On June 5 two Philadelphia buildings collapsed, killing 6 and injuring at least 13 others. Contractors were in the process of demolishing an empty building when a four-story wall unexpectedly tumbled into the neighboring Salvation Army thrift store leaving a pile of debris and a cloud of smoke. Philadelphians, and beyond, are searching for answers and debating over who is to blame.
According to reports, the Philadelphia Department of Licenses and Inspections had evaluated the demolition site and determined on numerous occasions that the contractors’ actions were acceptable. On at least one occasion, inspectors specifically noted that complaints of unsafe conditions were “unfounded” and that neighboring properties would not be effected. That conclusion proved to be incorrect.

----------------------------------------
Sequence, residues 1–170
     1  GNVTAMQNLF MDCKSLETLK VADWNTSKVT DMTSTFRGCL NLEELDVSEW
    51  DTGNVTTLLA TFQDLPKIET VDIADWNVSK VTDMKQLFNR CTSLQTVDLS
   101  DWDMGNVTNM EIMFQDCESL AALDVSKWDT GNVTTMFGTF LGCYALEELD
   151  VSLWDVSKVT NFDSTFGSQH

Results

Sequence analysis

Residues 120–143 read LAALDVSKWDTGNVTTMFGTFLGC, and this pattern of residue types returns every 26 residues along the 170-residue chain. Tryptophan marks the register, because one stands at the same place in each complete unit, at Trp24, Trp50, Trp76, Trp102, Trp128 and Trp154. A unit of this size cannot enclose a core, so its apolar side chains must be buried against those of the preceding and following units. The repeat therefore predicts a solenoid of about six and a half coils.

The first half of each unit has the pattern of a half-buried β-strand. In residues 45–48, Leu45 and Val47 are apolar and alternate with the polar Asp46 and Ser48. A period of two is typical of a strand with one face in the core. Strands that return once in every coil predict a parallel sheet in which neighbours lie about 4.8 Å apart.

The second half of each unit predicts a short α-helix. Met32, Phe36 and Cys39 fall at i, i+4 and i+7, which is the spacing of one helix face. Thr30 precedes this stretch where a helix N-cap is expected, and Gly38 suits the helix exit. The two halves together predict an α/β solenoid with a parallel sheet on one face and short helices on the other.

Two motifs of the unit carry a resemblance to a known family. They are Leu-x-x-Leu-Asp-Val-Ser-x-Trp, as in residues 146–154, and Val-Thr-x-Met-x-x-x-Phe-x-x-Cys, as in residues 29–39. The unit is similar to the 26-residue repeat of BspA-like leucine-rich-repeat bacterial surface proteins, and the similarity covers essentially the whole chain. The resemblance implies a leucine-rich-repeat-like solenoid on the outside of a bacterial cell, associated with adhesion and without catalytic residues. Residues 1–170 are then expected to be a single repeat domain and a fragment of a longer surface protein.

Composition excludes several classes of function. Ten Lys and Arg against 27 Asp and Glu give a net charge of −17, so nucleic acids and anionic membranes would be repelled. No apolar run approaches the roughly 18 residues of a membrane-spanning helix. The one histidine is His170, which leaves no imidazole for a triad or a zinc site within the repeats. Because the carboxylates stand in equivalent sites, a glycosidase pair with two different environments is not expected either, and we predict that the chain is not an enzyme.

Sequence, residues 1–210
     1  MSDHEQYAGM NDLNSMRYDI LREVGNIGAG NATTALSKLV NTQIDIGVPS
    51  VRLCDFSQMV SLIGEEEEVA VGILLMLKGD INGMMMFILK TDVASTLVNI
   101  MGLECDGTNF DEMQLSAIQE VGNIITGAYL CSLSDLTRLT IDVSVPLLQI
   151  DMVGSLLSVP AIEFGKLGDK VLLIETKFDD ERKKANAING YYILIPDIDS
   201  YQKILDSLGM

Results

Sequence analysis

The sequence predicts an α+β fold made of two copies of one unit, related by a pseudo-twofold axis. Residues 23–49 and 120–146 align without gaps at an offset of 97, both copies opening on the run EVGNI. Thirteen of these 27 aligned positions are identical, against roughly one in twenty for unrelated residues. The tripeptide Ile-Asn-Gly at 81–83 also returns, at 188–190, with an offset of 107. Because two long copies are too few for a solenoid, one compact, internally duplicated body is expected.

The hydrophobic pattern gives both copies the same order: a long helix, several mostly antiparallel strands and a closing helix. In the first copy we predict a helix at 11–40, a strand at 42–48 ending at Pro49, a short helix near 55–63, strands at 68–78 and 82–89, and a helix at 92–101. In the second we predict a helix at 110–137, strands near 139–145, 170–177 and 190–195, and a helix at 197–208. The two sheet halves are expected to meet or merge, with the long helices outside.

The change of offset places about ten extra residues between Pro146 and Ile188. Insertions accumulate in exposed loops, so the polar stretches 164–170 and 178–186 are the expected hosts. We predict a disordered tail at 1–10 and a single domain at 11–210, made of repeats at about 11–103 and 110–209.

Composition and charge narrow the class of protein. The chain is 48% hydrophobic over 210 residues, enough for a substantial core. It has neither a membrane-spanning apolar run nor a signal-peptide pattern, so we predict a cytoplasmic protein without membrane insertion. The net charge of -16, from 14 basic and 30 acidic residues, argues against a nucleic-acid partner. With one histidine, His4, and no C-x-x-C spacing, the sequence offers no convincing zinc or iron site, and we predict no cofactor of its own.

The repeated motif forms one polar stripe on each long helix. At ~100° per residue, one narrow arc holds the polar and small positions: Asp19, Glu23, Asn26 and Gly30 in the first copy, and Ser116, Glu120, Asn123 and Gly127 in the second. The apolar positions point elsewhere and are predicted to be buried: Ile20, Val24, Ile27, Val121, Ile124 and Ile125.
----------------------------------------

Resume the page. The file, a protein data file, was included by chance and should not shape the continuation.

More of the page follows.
As clean-up crews attend to the site, and the attorneys for the victims’ families develop their legal theories and strategy, we can expect the considerable finger-pointing to continue. Those in the cross-fire include the Mayor of Philadelphia, the inspection department and other officials tasked with overseeing the project, the contractors, and the developers, to name a few. Needless to say, reputations are on the line as well as insurance dollars. Time will tell which real estate professionals or others were involved in these proceedings and whether sufficient insurance coverage applies to cover the losses.